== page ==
There’s not a lot of storage or hanging space, that’s for sure. Most of your clothing will be kept in your case.
A dressing gown is nice, but definitely not mandatory.
The towels are small but adequate, bring a larger one if you choose – i didn’t and haven’t had a problem. I get dry just fine,
I brought some nice soap and moisturiser too that had been gifted to me, just to feel pretty and a bit more like me. But that’s just me.
Oh and they definitely don’t ask you about ANYTHING when transiting through Dubai or Moscow airport about what you’re bringing in. No questions asked at all.
However it’s a huge airport and you WILL need assist. I was reluctant for it, but grateful that I had the option. Even your family might if they are not Boston Marathon runners that pack light. LOL.
The aids are fast and know, little if any English and they know all the secret corridors etc to get you through to your gate or luggage etc.
It’s all above board and nothing scary or sneaky, just efficient. Who knew!
We also gave my wheel chair assist guide a modest gratuity – use your own discretion of what you can afford, but do NOT do this inside the airport terminal. It’s bad form.
Wait until there are no cameras or prying eyes when outside the actual terminal. Does not have to be much, just a simple token.
The care at the hospital is great, and you’ll feel embraced and ready to get going. They days are flying bye that’s for sure.
I’m not really focusing on days to count down till home, or seeing past what I could initially do in my first 2 days before admittance. I just focused on one day at a time and taking the advice of Dr. F and his team for HSCT.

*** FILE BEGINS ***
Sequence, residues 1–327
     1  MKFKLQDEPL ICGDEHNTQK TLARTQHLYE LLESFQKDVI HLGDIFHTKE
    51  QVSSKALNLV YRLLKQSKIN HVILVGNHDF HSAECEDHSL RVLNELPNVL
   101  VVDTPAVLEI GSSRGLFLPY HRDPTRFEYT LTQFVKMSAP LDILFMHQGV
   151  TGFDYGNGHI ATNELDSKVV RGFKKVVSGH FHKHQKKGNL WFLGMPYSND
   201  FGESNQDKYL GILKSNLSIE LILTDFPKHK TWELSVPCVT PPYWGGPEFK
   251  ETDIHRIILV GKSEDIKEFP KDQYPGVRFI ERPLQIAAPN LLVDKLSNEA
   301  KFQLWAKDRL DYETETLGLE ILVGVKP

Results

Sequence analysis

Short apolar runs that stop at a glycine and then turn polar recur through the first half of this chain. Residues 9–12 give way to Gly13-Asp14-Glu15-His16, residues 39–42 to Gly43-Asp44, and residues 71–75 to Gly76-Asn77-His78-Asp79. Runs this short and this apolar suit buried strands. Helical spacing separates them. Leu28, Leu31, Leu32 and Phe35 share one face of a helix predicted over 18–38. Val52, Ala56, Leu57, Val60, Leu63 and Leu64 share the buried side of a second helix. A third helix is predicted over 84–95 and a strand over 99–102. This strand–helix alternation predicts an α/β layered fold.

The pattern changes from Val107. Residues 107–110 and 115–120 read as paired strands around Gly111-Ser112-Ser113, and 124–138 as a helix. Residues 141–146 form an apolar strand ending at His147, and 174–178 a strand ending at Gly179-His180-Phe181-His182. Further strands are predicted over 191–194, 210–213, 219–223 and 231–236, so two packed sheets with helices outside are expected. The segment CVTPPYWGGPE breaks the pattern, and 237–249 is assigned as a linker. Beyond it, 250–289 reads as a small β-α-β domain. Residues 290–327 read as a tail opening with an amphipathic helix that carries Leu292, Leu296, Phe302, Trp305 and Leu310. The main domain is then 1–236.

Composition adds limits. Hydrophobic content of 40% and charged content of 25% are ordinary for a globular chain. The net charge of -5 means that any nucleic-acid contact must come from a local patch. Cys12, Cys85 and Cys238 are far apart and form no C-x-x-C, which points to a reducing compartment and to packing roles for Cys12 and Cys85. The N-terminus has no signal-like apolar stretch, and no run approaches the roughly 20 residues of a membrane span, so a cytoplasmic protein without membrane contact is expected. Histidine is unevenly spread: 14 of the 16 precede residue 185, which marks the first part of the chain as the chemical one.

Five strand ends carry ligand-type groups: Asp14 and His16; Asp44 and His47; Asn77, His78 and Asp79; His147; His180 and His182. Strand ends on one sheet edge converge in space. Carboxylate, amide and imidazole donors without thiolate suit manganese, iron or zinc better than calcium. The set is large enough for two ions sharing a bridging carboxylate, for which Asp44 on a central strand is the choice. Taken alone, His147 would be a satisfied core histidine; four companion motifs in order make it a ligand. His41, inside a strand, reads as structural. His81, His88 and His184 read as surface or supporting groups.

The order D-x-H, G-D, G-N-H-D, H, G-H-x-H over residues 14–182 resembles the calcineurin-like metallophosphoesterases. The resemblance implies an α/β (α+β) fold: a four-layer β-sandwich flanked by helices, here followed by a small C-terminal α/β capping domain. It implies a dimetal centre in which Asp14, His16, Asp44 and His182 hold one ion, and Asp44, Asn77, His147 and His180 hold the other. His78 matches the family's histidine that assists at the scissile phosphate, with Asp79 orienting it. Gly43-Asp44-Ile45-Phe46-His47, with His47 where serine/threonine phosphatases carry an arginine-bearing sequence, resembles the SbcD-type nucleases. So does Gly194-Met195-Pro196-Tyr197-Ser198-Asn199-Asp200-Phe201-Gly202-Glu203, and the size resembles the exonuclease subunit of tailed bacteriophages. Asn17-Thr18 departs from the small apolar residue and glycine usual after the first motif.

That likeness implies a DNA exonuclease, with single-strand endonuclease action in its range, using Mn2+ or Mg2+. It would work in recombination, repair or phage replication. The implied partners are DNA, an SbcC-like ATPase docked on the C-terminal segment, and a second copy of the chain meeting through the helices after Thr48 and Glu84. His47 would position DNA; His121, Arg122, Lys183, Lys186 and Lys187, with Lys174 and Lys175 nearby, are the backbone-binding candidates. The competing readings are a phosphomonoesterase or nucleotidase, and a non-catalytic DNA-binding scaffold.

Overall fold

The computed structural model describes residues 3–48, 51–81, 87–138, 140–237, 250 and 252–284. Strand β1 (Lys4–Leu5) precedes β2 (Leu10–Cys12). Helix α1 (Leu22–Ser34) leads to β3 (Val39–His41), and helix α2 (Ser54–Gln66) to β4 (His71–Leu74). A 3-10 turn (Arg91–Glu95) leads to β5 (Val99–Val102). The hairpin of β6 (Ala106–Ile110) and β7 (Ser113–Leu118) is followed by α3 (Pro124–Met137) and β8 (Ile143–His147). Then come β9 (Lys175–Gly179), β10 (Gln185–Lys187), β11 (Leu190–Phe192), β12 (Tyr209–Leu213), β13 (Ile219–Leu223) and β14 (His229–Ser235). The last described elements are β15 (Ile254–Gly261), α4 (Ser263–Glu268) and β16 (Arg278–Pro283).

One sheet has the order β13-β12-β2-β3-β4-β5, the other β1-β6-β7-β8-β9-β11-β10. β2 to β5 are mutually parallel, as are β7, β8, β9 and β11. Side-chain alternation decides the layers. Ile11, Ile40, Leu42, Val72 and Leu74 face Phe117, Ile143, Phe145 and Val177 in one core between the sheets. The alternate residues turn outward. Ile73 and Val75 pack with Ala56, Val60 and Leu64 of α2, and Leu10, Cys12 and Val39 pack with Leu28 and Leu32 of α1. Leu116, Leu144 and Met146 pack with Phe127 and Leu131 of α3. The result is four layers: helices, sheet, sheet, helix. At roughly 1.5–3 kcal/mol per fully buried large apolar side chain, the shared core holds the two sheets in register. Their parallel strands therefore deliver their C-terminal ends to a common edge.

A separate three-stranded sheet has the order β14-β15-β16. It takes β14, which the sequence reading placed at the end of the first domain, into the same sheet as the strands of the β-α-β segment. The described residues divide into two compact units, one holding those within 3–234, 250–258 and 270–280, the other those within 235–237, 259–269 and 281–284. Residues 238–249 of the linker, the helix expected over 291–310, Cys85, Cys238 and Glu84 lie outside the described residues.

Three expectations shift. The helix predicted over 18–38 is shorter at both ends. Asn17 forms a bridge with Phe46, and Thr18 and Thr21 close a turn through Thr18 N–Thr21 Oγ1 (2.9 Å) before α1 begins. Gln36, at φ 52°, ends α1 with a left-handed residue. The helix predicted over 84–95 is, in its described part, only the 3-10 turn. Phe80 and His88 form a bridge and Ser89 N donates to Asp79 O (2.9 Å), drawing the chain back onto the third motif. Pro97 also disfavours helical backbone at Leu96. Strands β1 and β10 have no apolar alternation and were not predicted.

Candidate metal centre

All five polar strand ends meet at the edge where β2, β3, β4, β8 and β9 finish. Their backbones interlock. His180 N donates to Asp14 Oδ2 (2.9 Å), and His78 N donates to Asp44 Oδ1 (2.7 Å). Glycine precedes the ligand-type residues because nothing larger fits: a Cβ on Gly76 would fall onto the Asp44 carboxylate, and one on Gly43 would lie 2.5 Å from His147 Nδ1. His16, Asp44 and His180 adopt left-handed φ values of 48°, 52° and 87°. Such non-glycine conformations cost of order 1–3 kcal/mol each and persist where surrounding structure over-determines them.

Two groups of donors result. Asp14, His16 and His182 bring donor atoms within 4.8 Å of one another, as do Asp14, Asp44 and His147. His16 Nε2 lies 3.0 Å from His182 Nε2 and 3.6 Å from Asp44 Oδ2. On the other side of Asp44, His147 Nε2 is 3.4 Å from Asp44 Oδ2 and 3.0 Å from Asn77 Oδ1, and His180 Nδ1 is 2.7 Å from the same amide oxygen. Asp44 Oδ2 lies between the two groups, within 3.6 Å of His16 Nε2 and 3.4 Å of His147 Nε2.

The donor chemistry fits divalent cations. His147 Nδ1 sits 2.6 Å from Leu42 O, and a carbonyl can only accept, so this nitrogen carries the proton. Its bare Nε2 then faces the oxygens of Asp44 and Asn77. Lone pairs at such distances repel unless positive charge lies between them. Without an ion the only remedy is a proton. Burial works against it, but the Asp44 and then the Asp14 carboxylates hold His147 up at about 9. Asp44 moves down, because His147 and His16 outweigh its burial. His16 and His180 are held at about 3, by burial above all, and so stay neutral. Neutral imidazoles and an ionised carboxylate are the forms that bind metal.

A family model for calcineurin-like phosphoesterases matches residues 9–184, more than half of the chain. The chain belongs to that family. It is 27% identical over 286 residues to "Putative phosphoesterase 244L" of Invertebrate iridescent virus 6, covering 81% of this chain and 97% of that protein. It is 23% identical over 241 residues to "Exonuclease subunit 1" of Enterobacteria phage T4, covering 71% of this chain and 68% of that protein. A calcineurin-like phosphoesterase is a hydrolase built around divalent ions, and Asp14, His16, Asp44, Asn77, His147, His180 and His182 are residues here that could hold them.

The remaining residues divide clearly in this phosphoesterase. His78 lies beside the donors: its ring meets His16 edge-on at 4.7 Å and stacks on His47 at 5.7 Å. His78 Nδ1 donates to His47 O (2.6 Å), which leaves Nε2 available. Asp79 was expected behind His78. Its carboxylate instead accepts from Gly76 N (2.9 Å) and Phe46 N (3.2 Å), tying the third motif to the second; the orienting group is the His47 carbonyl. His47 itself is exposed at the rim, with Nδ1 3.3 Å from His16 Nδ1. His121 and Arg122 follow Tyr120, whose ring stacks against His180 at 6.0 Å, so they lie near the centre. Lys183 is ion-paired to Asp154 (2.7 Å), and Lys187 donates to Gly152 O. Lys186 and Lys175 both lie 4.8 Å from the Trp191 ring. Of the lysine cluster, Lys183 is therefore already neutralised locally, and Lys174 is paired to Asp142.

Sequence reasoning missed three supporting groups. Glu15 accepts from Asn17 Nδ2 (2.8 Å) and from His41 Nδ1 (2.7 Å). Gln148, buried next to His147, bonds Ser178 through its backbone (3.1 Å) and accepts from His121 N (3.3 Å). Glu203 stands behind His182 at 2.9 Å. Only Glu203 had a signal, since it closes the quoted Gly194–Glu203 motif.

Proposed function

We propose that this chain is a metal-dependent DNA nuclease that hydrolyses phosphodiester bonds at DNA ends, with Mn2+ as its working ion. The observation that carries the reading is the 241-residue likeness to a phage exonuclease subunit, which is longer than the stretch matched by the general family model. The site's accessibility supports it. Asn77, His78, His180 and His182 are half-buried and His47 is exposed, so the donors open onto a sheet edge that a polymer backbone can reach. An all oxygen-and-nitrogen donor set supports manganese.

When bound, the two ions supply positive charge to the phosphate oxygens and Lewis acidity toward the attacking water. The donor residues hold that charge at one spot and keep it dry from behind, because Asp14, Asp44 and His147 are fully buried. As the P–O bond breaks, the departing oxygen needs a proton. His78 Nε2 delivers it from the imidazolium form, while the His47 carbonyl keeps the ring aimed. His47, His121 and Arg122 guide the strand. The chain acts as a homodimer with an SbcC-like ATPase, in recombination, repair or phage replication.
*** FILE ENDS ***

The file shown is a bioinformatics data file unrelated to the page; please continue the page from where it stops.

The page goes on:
They are the magicians after all.
That’s what we’re all here for. I get the impression that some are after the whole cultural experience. It’s not a Red Square bucket list trip – though wouldn’t that be nice. Do that 2 years down the track when you can do the Goosestep with Putin’s army.
Oh as for the Ballet some are keen to go or even to the theatre, I Imagine Anastasia will be able to arrange a private car to take you the event and return you to the hotel or hospital. I’m not sure what access will be like, it could be very challenging with snow and cobble stones and parking and less than adequate ramps.
Sam – you may have some input, but I think you got the Metro?
I think the hospital gates shut at 9. It’ll be an amazing experience for anyone that gets to go. I only saw the exterior of the building. Jealous.
Check with Anastasia for the timings of the Ballet or any other performances. Should be fine to have a night out, you just don’t want it to conflict with any testing appointments or steroid infusions etc. She’ll make something work.